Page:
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    As a French myself, I see no paradox. I lived in the US several times in the past, and what I saw there was a tendency to eat like there's no tomorrow, at every meal, at any time of the day. An obsession with foods of a different kind that we traditionally see in France: while the French have a strong secular culture of fine cuisine (and I am not naive enough to think that peasants of old were fine cooks ... the cultural inheritance comes from a strong aristocracy) and so-called "terroir" (local / regional specifics), it seemed to me that the US food culture is all about size and calories. Moreover, the French city planning and transport system favors more physical activities than that of the US : you don't walk or bike on highways. I saw places in Texan cities where there was no sidewalks. The city plans are inherited from the middle-ages where one had to walk most of the time to get to relevant places such as food markets, etc. The US is too young a society, so its heavy reliance on motorized transport is huge and shadowing other alternatives that require slower speed and more body movement.

    All in all, the French eat less and move more. Sounds like conventional wisdom, and in fact, it is

  8. #58
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    Quote Originally Posted by FrenchFry View Post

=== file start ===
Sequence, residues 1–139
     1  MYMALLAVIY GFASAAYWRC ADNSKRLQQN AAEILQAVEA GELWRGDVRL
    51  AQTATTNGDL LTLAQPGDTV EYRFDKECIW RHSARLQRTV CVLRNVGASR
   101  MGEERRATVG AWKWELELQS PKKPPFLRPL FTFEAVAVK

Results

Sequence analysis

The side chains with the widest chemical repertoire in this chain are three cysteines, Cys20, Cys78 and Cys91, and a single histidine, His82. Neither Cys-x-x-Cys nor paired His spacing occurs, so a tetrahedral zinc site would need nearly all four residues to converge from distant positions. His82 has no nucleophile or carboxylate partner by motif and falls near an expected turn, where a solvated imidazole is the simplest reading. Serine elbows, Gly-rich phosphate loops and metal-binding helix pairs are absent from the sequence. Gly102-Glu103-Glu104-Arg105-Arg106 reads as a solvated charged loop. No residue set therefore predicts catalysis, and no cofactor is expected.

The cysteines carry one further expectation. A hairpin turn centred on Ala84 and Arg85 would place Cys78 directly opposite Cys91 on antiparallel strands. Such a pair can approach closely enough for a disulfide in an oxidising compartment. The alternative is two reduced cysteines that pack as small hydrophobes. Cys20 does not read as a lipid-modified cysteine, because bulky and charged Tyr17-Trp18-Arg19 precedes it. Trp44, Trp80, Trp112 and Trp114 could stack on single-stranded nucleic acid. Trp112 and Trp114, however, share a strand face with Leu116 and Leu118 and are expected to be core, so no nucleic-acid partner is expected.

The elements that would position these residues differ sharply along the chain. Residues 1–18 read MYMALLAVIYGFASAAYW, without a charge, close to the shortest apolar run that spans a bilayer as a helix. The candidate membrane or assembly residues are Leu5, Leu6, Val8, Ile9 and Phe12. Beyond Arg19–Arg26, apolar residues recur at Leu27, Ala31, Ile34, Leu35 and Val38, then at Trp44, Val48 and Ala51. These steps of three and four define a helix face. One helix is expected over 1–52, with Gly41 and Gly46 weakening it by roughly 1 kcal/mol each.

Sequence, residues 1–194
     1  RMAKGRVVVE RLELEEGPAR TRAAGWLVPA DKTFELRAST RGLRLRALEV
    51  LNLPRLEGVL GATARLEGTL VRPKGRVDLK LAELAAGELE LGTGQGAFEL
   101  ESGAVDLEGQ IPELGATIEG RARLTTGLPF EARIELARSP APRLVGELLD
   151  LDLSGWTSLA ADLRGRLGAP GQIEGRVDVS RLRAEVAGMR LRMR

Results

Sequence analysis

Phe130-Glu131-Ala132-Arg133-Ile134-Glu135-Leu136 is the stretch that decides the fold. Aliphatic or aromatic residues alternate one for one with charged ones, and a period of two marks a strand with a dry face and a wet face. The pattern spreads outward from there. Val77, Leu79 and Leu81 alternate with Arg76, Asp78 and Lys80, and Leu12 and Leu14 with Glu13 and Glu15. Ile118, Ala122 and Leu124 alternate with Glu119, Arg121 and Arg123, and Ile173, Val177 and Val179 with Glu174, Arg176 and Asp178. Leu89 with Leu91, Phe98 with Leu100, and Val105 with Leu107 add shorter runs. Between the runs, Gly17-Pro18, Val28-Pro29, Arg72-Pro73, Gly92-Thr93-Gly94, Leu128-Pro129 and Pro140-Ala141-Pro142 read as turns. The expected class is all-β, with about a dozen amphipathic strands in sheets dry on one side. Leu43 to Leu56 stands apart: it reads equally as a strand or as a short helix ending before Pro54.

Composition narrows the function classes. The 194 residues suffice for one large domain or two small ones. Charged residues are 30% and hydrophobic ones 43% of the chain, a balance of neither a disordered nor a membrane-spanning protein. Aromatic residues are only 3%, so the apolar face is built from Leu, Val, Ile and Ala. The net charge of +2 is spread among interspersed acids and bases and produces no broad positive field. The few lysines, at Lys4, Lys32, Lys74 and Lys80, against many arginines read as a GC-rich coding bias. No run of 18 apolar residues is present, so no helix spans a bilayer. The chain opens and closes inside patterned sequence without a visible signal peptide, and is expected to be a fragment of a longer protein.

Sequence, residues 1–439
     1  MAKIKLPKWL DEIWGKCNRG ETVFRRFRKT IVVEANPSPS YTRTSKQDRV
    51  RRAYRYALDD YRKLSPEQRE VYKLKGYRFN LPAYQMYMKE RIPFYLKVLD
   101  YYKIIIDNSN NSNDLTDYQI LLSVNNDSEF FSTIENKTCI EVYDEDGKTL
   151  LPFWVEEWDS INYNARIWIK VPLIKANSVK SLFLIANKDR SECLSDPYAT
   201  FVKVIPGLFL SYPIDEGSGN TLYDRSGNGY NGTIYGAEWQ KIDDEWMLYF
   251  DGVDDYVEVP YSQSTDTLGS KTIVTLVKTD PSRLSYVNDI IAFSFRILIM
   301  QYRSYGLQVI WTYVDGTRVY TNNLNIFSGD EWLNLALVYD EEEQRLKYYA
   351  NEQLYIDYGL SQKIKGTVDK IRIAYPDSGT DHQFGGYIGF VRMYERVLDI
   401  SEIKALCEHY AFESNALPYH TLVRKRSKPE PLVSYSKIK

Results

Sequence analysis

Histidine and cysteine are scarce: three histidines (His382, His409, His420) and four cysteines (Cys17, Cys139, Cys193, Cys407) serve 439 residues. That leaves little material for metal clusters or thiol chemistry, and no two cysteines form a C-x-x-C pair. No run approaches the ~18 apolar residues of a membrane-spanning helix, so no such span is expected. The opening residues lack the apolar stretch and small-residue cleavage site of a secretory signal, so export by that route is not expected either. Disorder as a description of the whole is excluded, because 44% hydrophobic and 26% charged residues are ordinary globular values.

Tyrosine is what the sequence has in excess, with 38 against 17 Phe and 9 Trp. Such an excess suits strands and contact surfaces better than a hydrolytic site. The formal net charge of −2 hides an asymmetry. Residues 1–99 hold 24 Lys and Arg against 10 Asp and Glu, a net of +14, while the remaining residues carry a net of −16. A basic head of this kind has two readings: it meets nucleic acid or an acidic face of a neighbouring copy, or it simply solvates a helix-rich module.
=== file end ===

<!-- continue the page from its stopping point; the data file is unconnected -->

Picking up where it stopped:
All in all, the French eat less and move more. Sounds like conventional wisdom, and in fact, it is
    Yes. Even for the Dutch this rings true. I'm amazed at the grocery stores when I return to my native Canada. Ready meals, cereals, snack products take up rows & rows in any superstore.
    There are also more bikes in the Netherlands than people. And they get used.

  9. #59
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    Eat fat to stay thin.

    And BMI is still garbage. Here's a quarter....go buy yourself a useful stat!

  10. #60
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    Quote Originally Posted by Paysan View Post
    Genes are not destiny. Environmental factors seem to have equal footing.
    I completely disagree. In fact, the evidence for "environmental factors" is almost nil, short of toxic water and air. Based on reading your many posts, I'm presuming that you are mostly thinking of diet and the like.

    Even in the absence of any and all environmental negatives - as if we could attain that, but bear with me - our "use by" date is genetically determined. There are people who live generally healthy life styles and never make it to 70. There are people who have lived long lives while eating pretty much SAD and not doing exercise. That would describe most of my deceased relatives. Expiration dates of 90's and 100's. That's over a wide range of geographies, professions, and time frames.

    What is considered nutritious food keeps changing. And to be able to correlate diet with longer or shorter life is really, really tough. I look on eating what appears to be nutritious foods nothing more than stacking the deck a bit in my favor. But in the end, literally, it won't make a huge difference in how long or how well I live. Operative adjective, huge.